First - with a good CD4 count and low viral load - like around 5K - starting meds can be optional for you. And as new meds are in development - there is some good reason to wait while off of them as long as it is safe for you to do so - and a low viral load means it is relatively safe as there will be only a slow loss of CD4 cells with a viral load below 10K. In fact, countries differ as to how high the viral load should be before suggesting meds, and 10K is the lower end of this suggestion. You mention your cd4 percent but not count - that value is of course the other reason to restart - if that count/percent get too low... your percents are usually associated with a count over 400 cells - so you are in that category where most agree it is OK to monitor and start if it drops to some lower number. How low to let it go before restarting is again another controversy...

You have a genotype which confirms your past med use. The 184V is associated with 3TC resistance. The 215 is AZT, and maybe a loss of benefit from d4T as well tho this is less clear. I think 214 is similar to 215 in impact, and I am not familiar with the 62, tho in that region we see mutations associated with ddC. On the PI end - you have the nelfinavir pattern - a 30 mutation with some 'secondary' mutations. And it is these secondary mutations that lead us to want to stop antivirals once we see rebound of viral load - since the longer you stay on a combo - the more we see new secondary mutations show up. And these secondary mutations can increase the risk for other meds in this same med category to not work either. So this leads to the approach of interrupting meds at the time of a rebound to avoid more of these other mutations. And the choices then are to switch to some newer combo to shut off viral replication, versus wait off meds if that is reasonable, as you have done. There is a third option - waiting on meds with a low viral load - and at low viral load values there is the possible 'stalemate' with only a slow development of newer mutations - but for someone like you this can be a bit perilous - since your next combo in part depends on avoiding these other mutations. And you've now got reasonably well defined options.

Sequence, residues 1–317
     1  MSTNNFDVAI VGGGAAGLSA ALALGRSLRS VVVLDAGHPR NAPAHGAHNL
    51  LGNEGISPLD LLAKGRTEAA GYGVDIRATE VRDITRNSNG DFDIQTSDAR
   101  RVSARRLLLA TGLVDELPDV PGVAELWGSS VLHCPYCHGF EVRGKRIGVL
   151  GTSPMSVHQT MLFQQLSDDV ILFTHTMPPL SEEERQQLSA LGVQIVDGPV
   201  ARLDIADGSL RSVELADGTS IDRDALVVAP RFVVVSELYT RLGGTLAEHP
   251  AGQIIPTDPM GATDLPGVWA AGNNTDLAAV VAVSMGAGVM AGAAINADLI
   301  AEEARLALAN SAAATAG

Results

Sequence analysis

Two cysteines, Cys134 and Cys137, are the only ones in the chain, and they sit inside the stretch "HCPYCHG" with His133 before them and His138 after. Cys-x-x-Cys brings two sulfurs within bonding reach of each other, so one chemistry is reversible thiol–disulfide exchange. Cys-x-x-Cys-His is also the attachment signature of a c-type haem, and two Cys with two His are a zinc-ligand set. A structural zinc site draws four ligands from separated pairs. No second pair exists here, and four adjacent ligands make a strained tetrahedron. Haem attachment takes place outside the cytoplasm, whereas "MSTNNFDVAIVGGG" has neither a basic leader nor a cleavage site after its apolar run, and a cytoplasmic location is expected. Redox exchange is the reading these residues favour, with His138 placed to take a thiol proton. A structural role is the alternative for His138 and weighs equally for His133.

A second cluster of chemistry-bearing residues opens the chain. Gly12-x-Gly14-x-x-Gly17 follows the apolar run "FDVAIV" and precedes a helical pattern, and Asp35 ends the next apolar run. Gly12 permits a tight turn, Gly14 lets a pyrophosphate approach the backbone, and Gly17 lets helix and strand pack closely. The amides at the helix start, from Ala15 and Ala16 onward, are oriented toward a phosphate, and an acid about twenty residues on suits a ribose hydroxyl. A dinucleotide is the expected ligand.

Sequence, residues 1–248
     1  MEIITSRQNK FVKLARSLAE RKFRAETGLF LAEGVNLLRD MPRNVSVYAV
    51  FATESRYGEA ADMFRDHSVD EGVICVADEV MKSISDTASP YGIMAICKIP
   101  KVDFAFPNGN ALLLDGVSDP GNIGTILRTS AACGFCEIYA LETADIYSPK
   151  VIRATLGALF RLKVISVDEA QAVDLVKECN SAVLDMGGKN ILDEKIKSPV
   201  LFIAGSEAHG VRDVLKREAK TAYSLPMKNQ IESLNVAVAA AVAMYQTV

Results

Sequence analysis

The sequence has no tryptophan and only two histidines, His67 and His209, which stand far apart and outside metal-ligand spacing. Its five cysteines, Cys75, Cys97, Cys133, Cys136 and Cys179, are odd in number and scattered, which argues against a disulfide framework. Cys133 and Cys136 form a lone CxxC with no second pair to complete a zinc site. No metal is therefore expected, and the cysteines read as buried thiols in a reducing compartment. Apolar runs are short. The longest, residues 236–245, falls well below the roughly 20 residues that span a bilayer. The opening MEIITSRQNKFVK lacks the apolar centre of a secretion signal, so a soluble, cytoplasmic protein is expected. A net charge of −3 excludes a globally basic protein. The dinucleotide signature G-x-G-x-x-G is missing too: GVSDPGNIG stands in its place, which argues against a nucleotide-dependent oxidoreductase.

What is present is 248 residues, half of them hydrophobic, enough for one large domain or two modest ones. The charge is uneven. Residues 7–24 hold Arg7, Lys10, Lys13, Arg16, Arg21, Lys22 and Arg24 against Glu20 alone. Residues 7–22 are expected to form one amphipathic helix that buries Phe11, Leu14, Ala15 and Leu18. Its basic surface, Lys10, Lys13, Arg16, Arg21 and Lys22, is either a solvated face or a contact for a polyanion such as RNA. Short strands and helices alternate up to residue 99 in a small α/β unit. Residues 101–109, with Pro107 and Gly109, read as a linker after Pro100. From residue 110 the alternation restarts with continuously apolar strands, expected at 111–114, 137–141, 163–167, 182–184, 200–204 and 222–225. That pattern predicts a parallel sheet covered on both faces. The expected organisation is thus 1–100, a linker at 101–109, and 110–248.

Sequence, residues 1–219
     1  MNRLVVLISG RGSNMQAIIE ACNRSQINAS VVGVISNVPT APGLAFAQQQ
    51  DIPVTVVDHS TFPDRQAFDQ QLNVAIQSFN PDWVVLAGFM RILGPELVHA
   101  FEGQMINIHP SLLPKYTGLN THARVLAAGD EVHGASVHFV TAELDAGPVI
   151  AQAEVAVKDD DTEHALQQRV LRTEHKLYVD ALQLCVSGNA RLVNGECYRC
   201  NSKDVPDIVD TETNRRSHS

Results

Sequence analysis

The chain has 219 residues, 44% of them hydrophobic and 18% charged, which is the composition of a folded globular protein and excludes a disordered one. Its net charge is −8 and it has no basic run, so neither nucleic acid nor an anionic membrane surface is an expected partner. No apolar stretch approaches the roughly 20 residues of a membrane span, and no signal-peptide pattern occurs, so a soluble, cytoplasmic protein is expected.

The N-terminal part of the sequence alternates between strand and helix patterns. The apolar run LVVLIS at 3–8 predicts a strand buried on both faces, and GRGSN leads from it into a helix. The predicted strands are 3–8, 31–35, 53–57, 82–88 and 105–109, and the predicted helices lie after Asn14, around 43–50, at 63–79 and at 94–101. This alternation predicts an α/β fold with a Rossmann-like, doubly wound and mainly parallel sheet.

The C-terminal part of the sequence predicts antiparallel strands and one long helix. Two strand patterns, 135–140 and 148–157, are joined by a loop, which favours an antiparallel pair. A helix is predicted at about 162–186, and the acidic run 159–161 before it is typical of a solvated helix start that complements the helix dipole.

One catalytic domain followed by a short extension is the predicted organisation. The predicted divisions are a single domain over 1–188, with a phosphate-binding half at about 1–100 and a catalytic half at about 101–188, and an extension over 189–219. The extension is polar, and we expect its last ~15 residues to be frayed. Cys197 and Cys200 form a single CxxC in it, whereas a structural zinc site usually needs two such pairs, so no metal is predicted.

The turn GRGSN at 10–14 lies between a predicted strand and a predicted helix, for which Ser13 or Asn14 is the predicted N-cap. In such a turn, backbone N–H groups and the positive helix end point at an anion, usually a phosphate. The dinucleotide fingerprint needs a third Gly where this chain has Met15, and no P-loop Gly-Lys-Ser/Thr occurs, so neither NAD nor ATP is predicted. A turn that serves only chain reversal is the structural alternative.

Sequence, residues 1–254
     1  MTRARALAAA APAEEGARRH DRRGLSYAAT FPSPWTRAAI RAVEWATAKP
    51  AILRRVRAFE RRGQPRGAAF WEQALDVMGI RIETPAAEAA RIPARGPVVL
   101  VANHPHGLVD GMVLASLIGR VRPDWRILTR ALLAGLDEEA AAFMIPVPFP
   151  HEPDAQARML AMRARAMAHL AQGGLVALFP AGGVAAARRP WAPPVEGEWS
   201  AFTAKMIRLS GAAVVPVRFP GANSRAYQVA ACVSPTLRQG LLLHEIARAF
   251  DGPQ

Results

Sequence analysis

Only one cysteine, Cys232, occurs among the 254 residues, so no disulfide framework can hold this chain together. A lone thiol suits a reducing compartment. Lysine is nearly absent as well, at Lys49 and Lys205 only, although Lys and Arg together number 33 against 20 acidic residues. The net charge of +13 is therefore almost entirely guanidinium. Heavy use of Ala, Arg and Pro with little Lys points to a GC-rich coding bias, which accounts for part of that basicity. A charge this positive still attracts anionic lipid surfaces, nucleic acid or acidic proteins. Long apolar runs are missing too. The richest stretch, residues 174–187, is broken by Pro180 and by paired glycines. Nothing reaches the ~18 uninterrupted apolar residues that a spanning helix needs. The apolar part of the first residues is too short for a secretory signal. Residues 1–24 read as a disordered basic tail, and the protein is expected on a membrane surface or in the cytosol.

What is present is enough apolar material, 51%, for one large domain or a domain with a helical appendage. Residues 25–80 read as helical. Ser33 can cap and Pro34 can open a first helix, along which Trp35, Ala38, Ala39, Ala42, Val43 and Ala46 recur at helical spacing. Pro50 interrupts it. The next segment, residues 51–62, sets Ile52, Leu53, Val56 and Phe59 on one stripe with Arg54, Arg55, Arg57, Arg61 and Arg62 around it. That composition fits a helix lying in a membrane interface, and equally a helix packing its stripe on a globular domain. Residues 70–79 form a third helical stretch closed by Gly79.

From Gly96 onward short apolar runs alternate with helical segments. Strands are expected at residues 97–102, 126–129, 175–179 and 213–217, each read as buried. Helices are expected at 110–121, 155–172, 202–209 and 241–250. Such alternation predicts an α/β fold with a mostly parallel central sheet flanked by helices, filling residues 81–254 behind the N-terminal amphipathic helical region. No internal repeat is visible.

For others who don't have access to genotypes - there are studies ongoing to do them to see what happens when we use them. In addition, there is a study going on (in Boston and elsewhere) testing the use of a phenotype - in addition to genotype - to see how well it helps us at the time of a switch.